To be more specific, speed is a property of the digitized era because digital technologies are concerned solely with representation, that is, with abstracting from the four-dimensional object a mere image or sound that can be converted and reconverted into bits and transmitted through cables. This transmissibility of digitized representations has the consequence of severing representation from context, from the various physical, geographical, physiological and social settings that would have once embedded it in a particular set of constraints determining its interpretation and conceptualization. Now, objects can be represented in atomized isolation, and more decisively the conversion of their representations into a uniform material (i.e., binary code) renders every particle of media compatible and combinable with every other, a historically unprecedented development that entails the possibility of limitless conjunctions, juxtapositions, and amalgamations that would’ve otherwise been impossible (and in many cases unthinkable). Consequently, incoherence, unintelligibilty, and unreality become increasingly tangible properties of the media that gets thrown around the globe and often mixed incestuously without sufficient discrimination, producing chimeras that — because they are no longer broadcast or disseminated within “live contexts” that might contradict their spurious truth-claims — no longer have to worry so much about falsification. Government Plates often deals in an analogous form of seemingly incoherent and unintelligible hybridization, not least with August’s standalone release “Birds.” Here, the oscillations of a woozy, mechanized whistling careen into an abrupt emergency stop, where a completely disparate and blankly psychedelic interlude of pitch-shifted, nursery guitar takes over. Its surrealistic melody is accompanied by MC Ride (Stefan Burnett)’s borderline nonsensical apposition of such lines as, “I’ve got a black hat/ It might live/ It’s got a black hat/It goes big,” which shorn from the locus of their inspiration almost read like they were joined together simply because such a marriage was feasible, and which in concert with the piece’s other spliced segments generates a beautifully jarring tone of crazed disorientation.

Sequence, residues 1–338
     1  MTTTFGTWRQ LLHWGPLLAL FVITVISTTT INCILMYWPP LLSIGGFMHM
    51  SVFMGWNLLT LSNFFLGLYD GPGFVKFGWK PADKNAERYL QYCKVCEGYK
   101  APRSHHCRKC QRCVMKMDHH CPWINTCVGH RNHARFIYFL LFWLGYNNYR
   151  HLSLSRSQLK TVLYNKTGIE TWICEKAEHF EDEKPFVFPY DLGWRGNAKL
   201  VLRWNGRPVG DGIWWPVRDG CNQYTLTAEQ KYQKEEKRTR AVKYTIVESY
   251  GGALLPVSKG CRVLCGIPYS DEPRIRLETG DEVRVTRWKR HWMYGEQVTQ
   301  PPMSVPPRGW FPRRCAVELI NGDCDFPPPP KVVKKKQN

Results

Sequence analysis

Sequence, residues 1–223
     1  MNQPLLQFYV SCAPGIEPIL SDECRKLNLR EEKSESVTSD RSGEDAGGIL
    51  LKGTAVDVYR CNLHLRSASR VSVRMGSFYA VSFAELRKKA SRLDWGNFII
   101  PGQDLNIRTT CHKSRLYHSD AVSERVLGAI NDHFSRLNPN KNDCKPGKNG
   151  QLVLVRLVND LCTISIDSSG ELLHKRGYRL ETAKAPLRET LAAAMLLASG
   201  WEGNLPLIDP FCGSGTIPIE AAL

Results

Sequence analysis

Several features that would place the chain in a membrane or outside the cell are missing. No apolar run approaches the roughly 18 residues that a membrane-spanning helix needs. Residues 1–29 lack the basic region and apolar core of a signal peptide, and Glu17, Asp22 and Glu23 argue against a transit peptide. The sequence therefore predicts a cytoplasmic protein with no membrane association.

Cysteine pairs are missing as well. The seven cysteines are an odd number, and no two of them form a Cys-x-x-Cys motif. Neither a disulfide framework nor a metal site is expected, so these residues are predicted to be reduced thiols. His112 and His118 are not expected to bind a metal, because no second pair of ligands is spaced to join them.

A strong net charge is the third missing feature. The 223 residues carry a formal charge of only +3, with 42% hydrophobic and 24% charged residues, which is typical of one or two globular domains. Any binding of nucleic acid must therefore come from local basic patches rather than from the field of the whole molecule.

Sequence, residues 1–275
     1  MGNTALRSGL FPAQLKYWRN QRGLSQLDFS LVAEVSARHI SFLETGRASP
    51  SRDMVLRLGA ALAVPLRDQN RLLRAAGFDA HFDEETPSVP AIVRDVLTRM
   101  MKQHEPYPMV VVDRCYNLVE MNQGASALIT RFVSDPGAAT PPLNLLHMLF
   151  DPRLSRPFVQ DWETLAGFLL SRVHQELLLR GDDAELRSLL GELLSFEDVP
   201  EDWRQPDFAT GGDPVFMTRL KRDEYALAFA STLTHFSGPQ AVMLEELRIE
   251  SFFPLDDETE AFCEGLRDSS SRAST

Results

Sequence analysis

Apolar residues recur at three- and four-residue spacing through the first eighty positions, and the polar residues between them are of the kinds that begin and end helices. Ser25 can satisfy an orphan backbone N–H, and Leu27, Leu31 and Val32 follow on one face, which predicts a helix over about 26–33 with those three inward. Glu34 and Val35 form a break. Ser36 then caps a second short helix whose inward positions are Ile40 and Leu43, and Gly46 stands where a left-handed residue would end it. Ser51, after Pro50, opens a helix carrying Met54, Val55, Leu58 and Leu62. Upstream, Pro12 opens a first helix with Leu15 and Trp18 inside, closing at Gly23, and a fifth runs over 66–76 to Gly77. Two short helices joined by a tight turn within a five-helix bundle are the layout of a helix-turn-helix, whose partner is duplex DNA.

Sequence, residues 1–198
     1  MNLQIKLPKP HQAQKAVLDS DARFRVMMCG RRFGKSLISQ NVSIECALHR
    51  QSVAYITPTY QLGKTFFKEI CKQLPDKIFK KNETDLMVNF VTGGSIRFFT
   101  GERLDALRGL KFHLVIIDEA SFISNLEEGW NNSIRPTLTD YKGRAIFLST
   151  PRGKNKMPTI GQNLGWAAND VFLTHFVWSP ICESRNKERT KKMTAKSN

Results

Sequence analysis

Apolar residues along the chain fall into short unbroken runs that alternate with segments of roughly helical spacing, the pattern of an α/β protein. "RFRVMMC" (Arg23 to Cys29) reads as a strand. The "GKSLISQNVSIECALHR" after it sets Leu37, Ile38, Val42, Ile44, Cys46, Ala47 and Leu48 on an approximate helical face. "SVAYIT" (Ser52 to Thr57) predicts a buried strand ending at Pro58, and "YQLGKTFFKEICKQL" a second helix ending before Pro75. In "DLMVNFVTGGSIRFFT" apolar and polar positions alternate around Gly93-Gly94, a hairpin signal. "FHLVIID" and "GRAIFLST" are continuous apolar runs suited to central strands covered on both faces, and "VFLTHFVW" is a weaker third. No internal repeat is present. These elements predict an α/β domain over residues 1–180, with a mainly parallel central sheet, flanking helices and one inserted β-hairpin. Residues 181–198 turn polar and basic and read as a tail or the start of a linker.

Also, because digitization extracts representations from the specific spatio-temporal locations with which they were once bound and relocates them in a single unified domain (i.e., the servers that constitute “the internet”), the digital age can therefore be construed as the age of the fragmentation and collapse of spacetime, its condensation into a “singularity” where objects that would’ve once demanded the navigation of physical distances and durations in order to be sensed can now in some way be experienced simultaneously in the click of a button, or reconfigured however the individual likes. Therefore, digitization insidiously perverts our traditional notions of space and time, and in many respects, Government Plates is the musical consummation of this shift, of what Paul Virilio (1998) described as the shift from “The real city […] to the virtual city, that de-territorialized meta-city.” The way the staccato blips preternaturally machine-gun and cut themselves in half during the strobed rush of “Feels Like A Wheel,” and the way the off-center thrumming and ephemeral volt surges of the track’s intro deviously misshape themselves, all invoke an impression of space, time, and the resultant perceptions being disfigured and congealed by the inexhaustible contortions of disobedient algorithms. The same applies to the overdriven bass riff of “You Might Think He Loves You For Your Money” and its rhythmic backbone, a 6/8 beat that exploits momentary hesitations and unlikely accents to foster the suspicion of a switch in meter, when in actual fact it hasn’t once diverged from its obstinate count. These moments of instrumental play and transformation make what is already primed and highly energized music hit with even more of a scatty impact, and their frequency only multiplies the record’s allusive depth.